Leopard’s bane

JMW Turner’s Stonehenge. Photograph: The Salisbury Museum

For thirty days this year and every year, you can read my latest novel The Fountain in the Forest in synch with the French Republican Calendar. We are now on Chapter 5, part of which takes place at the last Stonehenge Free Festival of June 1984.

Conversion between the Republican and Gregorian Calendars is imprecise, but by common reckoning today’s date 6 March 2020 converts to Septidi 17 Ventôse CCXXVIII in the Revolutionary Calendar. Factoring in Fabre d’Eglantine’s system of everyday rural imagery, 17 Ventôse CCXXVIII and Chapter 5 of the novel are dedicated to Doronicum or Leopard’s bane – a member of the sunflower family and ‘the earliest-blooming of the daisies’.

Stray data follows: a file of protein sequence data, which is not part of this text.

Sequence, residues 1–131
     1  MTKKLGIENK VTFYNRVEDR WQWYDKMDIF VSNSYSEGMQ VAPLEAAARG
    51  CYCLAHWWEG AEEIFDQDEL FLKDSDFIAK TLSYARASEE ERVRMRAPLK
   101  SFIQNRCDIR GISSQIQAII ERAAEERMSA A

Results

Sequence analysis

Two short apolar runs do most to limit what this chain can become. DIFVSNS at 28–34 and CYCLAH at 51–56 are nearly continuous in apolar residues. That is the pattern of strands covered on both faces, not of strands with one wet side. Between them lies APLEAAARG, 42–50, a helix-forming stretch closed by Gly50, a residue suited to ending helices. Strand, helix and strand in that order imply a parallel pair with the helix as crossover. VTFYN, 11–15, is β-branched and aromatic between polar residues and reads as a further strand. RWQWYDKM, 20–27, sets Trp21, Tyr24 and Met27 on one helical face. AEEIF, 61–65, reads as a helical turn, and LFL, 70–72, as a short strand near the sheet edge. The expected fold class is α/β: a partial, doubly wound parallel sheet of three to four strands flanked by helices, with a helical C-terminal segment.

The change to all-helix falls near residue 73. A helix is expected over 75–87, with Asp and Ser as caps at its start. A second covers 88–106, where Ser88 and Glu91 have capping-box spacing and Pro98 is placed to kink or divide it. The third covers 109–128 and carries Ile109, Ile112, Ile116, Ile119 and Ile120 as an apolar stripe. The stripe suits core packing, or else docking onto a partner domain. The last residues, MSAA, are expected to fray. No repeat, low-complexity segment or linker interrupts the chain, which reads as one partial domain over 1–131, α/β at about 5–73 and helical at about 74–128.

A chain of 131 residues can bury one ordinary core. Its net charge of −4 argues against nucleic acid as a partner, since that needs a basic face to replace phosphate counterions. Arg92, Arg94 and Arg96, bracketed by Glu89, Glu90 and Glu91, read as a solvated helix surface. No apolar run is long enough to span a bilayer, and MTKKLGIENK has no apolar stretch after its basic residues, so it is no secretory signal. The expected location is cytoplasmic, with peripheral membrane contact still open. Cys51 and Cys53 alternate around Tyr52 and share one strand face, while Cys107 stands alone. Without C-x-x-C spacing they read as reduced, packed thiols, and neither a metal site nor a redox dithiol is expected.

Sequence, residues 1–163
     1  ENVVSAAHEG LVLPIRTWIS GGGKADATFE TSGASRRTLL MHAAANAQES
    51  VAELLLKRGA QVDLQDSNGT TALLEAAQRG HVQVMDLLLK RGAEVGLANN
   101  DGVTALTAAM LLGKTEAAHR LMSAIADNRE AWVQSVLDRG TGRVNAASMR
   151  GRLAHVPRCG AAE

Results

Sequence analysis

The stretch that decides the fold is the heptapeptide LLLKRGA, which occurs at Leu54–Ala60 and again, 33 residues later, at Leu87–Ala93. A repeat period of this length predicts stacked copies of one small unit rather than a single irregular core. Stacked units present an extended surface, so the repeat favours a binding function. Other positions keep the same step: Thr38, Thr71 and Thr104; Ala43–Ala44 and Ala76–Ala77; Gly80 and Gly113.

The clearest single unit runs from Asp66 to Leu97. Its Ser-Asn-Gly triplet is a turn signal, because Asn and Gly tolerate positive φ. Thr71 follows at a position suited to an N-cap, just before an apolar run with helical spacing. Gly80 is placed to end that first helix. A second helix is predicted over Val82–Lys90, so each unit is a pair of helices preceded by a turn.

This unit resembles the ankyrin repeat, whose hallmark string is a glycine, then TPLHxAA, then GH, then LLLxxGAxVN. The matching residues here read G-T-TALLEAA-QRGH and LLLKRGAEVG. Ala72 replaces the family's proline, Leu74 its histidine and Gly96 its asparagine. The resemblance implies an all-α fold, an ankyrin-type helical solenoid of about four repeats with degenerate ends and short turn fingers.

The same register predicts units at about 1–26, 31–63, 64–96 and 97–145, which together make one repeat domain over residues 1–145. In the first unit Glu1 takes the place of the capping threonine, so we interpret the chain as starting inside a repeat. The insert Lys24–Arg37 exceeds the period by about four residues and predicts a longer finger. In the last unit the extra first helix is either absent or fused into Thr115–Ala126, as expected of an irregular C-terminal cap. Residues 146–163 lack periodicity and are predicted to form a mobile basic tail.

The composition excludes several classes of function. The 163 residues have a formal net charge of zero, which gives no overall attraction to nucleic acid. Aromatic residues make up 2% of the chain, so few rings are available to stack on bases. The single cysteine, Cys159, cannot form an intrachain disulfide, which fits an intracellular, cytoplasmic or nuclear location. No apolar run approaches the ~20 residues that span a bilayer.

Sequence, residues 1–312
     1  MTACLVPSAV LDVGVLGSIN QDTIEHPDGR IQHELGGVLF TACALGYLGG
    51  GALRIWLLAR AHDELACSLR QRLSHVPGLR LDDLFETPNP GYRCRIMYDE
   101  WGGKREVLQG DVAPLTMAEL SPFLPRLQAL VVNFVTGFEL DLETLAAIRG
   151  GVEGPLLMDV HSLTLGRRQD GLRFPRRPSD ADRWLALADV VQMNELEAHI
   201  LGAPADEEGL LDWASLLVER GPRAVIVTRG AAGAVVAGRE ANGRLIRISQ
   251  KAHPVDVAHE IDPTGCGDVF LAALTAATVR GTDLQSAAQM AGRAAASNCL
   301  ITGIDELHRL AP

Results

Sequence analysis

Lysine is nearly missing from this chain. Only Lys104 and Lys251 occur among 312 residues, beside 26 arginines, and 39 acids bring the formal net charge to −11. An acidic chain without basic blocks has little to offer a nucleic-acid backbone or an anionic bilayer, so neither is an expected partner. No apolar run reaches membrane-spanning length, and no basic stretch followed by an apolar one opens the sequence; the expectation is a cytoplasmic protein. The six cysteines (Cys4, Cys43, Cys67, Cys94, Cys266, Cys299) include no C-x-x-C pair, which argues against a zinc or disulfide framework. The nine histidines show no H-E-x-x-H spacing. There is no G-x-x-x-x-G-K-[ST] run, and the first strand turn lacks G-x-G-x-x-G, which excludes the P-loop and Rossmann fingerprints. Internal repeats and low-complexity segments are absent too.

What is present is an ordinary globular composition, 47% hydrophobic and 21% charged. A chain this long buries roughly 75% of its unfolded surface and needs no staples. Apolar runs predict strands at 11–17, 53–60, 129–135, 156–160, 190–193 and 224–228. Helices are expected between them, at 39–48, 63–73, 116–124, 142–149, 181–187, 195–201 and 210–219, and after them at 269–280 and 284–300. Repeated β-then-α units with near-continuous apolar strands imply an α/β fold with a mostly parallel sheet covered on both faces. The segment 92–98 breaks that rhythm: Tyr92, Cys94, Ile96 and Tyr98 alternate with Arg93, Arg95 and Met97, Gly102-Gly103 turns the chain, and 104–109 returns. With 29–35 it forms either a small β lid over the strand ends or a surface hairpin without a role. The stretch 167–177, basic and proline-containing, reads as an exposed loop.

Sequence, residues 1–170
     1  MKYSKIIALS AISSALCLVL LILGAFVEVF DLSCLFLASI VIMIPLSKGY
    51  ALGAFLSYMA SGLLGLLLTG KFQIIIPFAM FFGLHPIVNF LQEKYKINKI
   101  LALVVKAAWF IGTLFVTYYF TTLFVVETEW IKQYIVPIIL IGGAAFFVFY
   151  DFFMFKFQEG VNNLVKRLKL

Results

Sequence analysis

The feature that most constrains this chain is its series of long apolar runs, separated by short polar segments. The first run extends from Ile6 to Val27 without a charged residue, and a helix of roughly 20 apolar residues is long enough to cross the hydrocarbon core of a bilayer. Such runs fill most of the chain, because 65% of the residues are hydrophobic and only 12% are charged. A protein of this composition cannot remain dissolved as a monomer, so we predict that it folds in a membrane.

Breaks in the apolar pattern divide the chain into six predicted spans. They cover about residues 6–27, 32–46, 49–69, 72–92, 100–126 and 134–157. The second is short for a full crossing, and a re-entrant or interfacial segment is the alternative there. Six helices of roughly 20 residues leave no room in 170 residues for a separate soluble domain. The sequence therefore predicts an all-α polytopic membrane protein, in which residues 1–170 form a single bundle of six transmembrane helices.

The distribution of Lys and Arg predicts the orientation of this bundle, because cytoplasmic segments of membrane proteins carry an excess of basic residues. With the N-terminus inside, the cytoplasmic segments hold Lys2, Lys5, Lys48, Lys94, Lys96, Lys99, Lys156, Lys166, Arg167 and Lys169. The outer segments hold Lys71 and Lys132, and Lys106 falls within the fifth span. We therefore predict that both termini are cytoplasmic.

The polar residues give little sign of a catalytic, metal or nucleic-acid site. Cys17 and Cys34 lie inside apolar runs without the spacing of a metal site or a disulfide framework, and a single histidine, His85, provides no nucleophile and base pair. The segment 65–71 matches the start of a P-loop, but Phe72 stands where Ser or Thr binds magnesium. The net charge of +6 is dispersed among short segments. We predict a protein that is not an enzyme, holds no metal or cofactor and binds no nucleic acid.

Readers may not be aware that the future of the Stonehenge UNESCO World Heritage Site currently hangs in the balance, with a final decision of the Government’s road widening and tunnel project due (at time of writing) any day now.

Not only would a tunnel irreparably damage the historical landscape and both existing and undiscovered archeological remains, but taking the road underground would remove a view of the stones from the road that has been free to all for millennia, and which has inspired artists and writers across the centuries, from JMW Turner and John Cowper Powys to me!

Visit the Stonehenge Alliance website, to find out what steps you can take to add your voice to this campaign today.

An urgent request: write to the Chancellor of the Exchequer TODAY

An urgent request: sign the petition TODAY

Photo: Włodzimierz Wysocki – CC BY-SA 3.0


Buy The Fountain in the Forest direct from publisher Faber and Faber 

The Fountain in the Forest was a Guardian ‘Book of the Day’ – read Sukhdev Sandhu’s review

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